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What works for children in resisting assaults?

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dc.creator Finkelhor, D. & Asdigian, N.L.
dc.date.accessioned 2013-09-19T16:25:58Z
dc.date.available 2013-09-19T16:25:58Z
dc.date.issued 1995
dc.identifier.uri http://hdl.handle.net/11212/159
dc.identifier.uri http://www.unh.edu/ccrc/pdf/CV6.pdf
dc.description Examined children's responses to threats of victimization and their perceptions of the effectiveness of their responses in a sample of 1,042 male and 958 female 10-16 yr olds. Survey data were gathered from Ss regarding victimization experiences, prevention responses, protective efficacy, victimization-related injury, and the preferred victimization response of Ss' fathers. Boys, especially those in their teens, used more aggressive forms of resistance than did younger Ss and girls, and felt those strategies had been more effective. Ss advised by their fathers to stand up and fight also felt more successful using aggressive resistance. Results suggest that different children may feel more successful with different protection strategies, arguing against a unifaceted approach to victimization prevention.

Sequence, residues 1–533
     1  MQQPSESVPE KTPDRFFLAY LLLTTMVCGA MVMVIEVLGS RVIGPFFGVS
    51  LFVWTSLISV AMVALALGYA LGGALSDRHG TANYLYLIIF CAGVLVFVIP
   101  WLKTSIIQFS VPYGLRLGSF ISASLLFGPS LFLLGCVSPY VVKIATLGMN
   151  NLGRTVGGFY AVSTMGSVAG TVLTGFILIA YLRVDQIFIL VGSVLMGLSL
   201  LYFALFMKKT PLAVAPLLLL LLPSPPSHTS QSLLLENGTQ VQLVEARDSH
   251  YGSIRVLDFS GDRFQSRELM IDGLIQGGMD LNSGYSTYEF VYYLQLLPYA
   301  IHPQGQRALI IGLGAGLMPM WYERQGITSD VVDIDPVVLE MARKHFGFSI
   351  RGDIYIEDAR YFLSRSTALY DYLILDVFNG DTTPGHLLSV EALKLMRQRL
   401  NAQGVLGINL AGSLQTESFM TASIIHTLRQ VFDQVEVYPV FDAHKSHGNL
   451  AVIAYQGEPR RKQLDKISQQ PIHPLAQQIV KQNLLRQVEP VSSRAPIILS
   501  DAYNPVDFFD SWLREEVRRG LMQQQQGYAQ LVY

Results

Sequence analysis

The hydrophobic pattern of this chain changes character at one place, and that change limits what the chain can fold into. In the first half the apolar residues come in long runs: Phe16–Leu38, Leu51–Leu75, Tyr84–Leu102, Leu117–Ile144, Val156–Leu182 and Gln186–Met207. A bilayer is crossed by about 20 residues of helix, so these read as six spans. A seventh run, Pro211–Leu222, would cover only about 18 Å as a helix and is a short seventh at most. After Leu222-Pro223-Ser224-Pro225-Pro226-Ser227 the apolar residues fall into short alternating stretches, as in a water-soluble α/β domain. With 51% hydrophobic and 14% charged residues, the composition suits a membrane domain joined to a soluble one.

dc.publisher Journal of Interpersonal Violence
dc.subject Best Practices-Research
dc.subject Child maltreatment
dc.subject Child welfare -- statistics
dc.subject Prevention
dc.title What works for children in resisting assaults?
dc.type Text


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